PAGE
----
Elizabeth H.
Mrs T A Brown Sat Mar 29 2008
We, too, have a Fargesia nitida Nymphenburg purchased and planted in a large tub in May 2005 whilst living in Hampshire. We moved to Cornwall 18 months ago bringing our bamboos with us. Last summer (2007) our Fargesia nitida Nymphenburg started to flower, although at the time I did not fully realise what was happening. I cut the brown culms out but sadly the rest turned to flower and this Spring I have seen the green hanging 'flowers' and now have many seeds on those culms left. I have read various bits about it's quality of life now, but I do hope ours survives. It cost £50.00 to buy and I feel we have not fully had our money's worth! Mrs T. Brown, Looe, Cornwall 29.03.08
Elizabeth H.
Gaye Watton Thu Apr 3 2008
i am in Clacton on sea and have just noticed one of my fargesia flowering today 3/4/08
Elizabeth H.
Ric Fri Apr 18 2008
I like to grow some of this in my shady back garden. I understand nitida is the bamboo most suited to shade. Would anyone like to send me some seed please if I send an SAE? Bamboo seed is rare so I expect its very expensive otherwise. pebble1024 at tesco dot net Thanks.
Elizabeth H.
Andy Cotterill Sat May 17 2008
We have three Fargesia nitida all from different sources and ages. They all started partially flowering in 2006. This year (2008) thaty have fully flowered and turned brown with only a few green leaves remaining. Fortunately seed sown last year germanated and we now have a number of small plants. Will the plants in flower recover and should I cut them back?
Elizabeth H.
Martin Nicklin Sun May 25 2008
My fargesia has flowered this year so I pulled out a cane and underground were there were new shoot buds at the very base of the cane. I had heard that the plants should be discarded once they have flowered but having seen these underground buds I will be leaving mine in situ and just cutting down the old canes.
Elizabeth H.
Wed Jun 11 2008
My FIL has a Fargesia nitida that has flowered. I bought it for him about 5/6 years ago. Mine is only 3 years old and has not flowered. We both live in Hampshire.
Elizabeth H.
Sun Jun 29 2008
Can't you just stop it flowering by cutting them off?
Elizabeth H.
Victor Smetacek Wed Jul 30 2008
Our garden is in Bremerhaven, Germany and I first noticed our clumps of Fargesia nitida flowering in November 2007. I expected they would die but left them for the birds. When our murielae flowered some years ago various finches gorged on the seeds. Any way, the nitida are now all looking well and greening rapidly so they are going to survive. I am surprised and glad I did not cut them back. Interestingly most clumps (from the same plant) are Nymphenburg but there is one other variety whose name I forget which is shorter and more upright. It also flowered simultaneously and is now recovering.
Elizabeth H.
martin nicklin Wed Sep 24 2008
Following my e-mail in May, I can now report that my fargesia has started to re-grow from the underground buds at the base of the canes after removing the "dead" old canes. Some of the new canes are already about a metre tall although I wait to see if the new plant forms as thick a clump as the original. It is obviously worth a go as bamboo plants can be quite expensive.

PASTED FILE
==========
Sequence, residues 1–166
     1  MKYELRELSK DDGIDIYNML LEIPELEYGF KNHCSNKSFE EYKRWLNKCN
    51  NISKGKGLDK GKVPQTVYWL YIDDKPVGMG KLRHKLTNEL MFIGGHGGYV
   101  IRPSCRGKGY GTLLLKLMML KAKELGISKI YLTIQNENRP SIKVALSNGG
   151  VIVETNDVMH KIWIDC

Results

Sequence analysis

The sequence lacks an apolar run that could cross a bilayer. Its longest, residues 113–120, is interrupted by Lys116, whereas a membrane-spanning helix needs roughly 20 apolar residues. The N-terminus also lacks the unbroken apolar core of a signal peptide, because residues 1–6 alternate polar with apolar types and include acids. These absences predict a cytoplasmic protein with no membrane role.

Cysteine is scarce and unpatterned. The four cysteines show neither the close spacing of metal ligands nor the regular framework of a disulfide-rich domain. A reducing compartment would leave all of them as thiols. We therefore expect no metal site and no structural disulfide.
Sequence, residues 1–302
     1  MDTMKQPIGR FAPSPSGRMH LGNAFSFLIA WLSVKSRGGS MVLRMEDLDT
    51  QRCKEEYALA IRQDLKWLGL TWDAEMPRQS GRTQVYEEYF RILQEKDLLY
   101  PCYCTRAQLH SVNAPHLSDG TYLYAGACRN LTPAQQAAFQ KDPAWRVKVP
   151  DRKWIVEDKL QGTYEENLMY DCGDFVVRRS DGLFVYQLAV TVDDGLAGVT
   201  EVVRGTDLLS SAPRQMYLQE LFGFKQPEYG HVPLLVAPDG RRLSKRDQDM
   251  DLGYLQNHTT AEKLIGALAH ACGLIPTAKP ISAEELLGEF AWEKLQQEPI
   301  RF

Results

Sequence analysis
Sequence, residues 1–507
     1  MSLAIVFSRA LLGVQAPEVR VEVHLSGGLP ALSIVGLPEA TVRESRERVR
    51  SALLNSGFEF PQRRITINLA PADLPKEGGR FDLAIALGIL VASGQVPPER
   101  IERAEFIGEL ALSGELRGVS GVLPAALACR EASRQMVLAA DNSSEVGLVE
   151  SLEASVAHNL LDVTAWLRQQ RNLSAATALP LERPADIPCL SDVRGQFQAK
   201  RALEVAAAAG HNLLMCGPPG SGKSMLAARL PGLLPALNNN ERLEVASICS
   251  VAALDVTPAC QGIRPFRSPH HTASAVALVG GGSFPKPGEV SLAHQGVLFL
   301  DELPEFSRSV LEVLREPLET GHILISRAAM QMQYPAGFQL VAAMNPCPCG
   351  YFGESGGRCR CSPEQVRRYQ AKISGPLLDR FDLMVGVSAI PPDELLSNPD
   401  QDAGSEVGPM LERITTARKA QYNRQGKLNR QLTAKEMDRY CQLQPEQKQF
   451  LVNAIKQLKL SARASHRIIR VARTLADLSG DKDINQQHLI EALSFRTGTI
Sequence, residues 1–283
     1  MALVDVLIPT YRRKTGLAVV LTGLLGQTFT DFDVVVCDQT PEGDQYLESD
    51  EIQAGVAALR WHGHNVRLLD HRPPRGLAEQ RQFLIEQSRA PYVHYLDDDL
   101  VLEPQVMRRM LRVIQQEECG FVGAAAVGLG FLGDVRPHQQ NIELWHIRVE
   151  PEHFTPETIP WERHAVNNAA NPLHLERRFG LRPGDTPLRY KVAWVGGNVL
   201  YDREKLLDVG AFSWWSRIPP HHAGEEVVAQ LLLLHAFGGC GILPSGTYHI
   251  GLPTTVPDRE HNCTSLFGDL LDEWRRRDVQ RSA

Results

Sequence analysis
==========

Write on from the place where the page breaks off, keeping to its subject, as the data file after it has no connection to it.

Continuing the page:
Elizabeth H.
Knud Christensen Fri Oct 3 2008
martin nicklin, the new canes will flower and die. What I recommend is, that you collector or buy some seeds. Sow them on your windowsill. You'll get lots of inexpensive new plants. Knud

FARGESIA NITIDA FROM SEED

QR Code

What's this?

This is a QR code (short for Quick Response) which gives fast-track access to our website pages. QR Codes are barcodes that can be read by mobile phone (smartphone) cameras. This QR Code is unique to this page. All plant pages have their own unique code. For more information about QR Codes click here.

1. Copy and print the QR code to a plant label, poster, book, website, magazines, newspaper etc and even t-shirts.
2. Smartphone users scan the QR Code which automatically takes them to the webpage the QR Code came from.
3. Smartphone users quickly have information on a plant directly for the pfaf.org website on their phone.
Rate This Plant                                         
Please rate this plants for how successful you have found it to be. You will need to be logged in to do this. Our intention is not to create a list of 'popular' plants but rather to highlight plants that may be rare and unusual and that have been found to be useful by website users. This hopefully will encourage more people to use plants that they possibly would not have considered before.
     
                                                                                 
Add a comment/link                                         

If you have important information about this plant that may help other users please add a comment or link below. Only comments or links that are felt to be directly relevant to a plant will be included. If you think a comment/link or information contained on this page is inaccurate or misleading we would welcome your feedback at admin@pfaf.org. If you have questions about a plant please use the Forum on this website as we do not have the resources to answer questions ourselves.

* Please note: the comments by website users are not necessarily those held by PFAF and may give misleading or inaccurate information.

Subject : Fargesia nitida  
             

Links To add a link to another website with useful info add the details here
Name of Site
URL of Site
Details